Engineering Sustainability 2013: Innovation and the Triple Bottom Line

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Event Date: 
2013-04-07
Attend this conference where PEC staff will discuss sustainable water management.

Visit the Conference Web Site for more information.

On behalf of the Mascaro Center for Sustainable Innovation at the University of Pittsburgh and the Steinbrenner Institute for Environmental Education and Research at Carnegie Mellon University, we are pleased to announce Engineering Sustainability 2013: Innovation and the Triple Bottom Line, to be held April 7-9, 2013 in Pittsburgh, Pa. As with our 2005, 2007, 2009 and 2011 events, this focused conference will bring together engineers and scientists from academia, government, industry, and nonprofits to share results of cutting-edge research and practice directed at development of environmentally sustainable buildings and infrastructure.
The built environment, which includes buildings, the transportation grid, and water collection and treatment systems, helps to sustain our economy and way of life, but at the cost of heavy resource use and waste generation. Buildings alone consume a substantial percentage of the materials produced globally each year and require significant amounts of energy for operation. Transportation grids are material-intensive, and the maintenance requirements of aging infrastructure in the developed world are stressing the abilities of municipalities to maintain viable systems. Renewal of urban water infrastructure with new, more sustainable systems delivering higher performance is a critical need, as failing infrastructure systems in many cities impact economic vitality and quality of life for residents. Stormwater management systems in many cities are inadequate and based on old paradigms, exacerbating flooding problems and leading to sewer overflows. Water also is interlinked with energy production and use, as significant amounts of water are required for energy generation, and production of high purity water with current membrane technologies requires significant amounts of energy.
We look forward to seeing you in Pittsburgh in 2013!

Join Janie French, PEC State Director of Water Programs, who will moderate a discussion on sustainable water management. Integrated water resource management is a sustainable approach used globally to meet the vulnerability of our water resources.  However management and regulations often compete and need to be integrated across the water chain.  Solutions to manage stormwater and wastewater must protect public health and safety while being affordable to those that benefit from the water sector service.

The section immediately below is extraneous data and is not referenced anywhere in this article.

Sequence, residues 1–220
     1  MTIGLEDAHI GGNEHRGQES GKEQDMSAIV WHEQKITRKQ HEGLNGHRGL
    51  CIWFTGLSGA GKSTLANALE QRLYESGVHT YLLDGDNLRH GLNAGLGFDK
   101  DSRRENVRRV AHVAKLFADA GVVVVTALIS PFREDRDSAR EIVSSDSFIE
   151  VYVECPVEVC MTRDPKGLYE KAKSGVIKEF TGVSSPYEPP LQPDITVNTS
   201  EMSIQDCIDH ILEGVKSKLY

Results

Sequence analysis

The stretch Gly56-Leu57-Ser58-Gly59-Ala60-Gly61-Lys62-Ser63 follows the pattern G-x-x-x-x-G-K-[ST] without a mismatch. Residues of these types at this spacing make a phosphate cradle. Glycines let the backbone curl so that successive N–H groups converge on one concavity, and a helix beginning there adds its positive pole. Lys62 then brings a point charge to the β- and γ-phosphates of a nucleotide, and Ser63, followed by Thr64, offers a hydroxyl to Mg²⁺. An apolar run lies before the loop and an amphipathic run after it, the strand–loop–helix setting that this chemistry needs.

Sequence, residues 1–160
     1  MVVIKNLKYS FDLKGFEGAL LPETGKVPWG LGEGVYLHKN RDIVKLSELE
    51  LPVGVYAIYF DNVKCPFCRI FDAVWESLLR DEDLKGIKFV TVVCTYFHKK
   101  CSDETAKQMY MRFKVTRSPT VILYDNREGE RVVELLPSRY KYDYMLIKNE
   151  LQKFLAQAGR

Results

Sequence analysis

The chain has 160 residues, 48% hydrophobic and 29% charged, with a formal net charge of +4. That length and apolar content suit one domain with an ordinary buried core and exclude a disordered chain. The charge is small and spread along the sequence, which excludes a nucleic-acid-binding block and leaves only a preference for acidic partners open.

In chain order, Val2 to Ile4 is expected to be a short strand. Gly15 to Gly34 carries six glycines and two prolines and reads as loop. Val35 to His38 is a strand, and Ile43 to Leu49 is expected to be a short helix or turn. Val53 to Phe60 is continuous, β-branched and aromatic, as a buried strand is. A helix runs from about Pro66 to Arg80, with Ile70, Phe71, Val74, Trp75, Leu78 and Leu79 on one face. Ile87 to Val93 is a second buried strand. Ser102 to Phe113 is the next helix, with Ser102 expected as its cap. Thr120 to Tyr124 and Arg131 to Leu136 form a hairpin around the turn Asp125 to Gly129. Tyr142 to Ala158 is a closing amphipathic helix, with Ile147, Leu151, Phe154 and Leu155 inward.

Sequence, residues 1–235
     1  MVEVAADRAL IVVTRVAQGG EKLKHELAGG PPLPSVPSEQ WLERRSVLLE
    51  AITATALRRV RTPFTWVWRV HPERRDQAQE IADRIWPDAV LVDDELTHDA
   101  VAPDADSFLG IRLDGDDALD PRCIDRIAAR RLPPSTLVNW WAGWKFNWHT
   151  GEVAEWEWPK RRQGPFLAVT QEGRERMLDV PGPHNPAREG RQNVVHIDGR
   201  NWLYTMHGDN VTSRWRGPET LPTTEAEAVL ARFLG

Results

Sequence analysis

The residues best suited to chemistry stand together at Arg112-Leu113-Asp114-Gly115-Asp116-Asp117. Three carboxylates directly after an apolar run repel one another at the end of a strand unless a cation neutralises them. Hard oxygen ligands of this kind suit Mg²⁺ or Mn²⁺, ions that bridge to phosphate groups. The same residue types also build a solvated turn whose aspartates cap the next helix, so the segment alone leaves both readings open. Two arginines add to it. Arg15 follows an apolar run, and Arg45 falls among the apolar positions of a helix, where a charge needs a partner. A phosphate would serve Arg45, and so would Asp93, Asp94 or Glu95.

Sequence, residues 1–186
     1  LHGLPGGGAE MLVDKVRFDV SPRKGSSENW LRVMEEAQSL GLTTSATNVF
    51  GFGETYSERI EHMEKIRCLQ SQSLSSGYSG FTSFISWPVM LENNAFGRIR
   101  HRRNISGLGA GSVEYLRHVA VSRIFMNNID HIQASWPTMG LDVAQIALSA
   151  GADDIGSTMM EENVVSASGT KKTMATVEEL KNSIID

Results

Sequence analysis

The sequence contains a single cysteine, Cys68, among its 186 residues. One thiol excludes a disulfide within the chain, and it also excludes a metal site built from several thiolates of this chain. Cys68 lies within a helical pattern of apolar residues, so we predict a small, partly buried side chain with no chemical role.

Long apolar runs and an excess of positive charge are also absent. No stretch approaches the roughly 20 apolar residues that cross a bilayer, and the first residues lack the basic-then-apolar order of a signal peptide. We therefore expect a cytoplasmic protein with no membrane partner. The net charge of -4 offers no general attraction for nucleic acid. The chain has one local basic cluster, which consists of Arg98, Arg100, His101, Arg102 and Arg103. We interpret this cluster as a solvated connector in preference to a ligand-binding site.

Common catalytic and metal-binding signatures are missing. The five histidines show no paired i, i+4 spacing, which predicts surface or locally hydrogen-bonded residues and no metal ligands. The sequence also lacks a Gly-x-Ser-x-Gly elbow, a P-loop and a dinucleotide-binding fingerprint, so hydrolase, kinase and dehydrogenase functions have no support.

On behalf of the Mascaro Center for Sustainable Innovation at the University of Pittsburgh and the Steinbrenner Institute for Environmental Education and Research at Carnegie Mellon University, we are pleased to announce Engineering Sustainability 2013: Innovation and the Triple Bottom Line, to be held April 7-9, 2013 in Pittsburgh, Pa. As with our 2005, 2007, 2009 and 2011 events, this focused conference will bring together engineers and scientists from academia, government, industry, and nonprofits to share results of cutting-edge research and practice directed at development of environmentally sustainable buildings and infrastructure.

The built environment, which includes buildings, the transportation grid, and water collection and treatment systems, helps to sustain our economy and way of life, but at the cost of heavy resource use and waste generation. Buildings alone consume a substantial percentage of the materials produced globally each year and require significant amounts of energy for operation.

Transportation grids are material-intensive, and the maintenance requirements of aging infrastructure in the developed world are stressing the abilities of municipalities to maintain viable systems. Renewal of urban water infrastructure with new, more sustainable systems delivering higher performance is a critical need, as failing infrastructure systems in many cities impact economic vitality and quality of life for residents.

Stormwater management systems in many cities are inadequate and based on old paradigms, exacerbating flooding problems and leading to sewer overflows. Water also is interlinked with energy production and use, as significant amounts of water are required for energy generation, and production of high purity water with current membrane technologies requires significant amounts of energy.

We look forward to seeing you in Pittsburgh in 2013!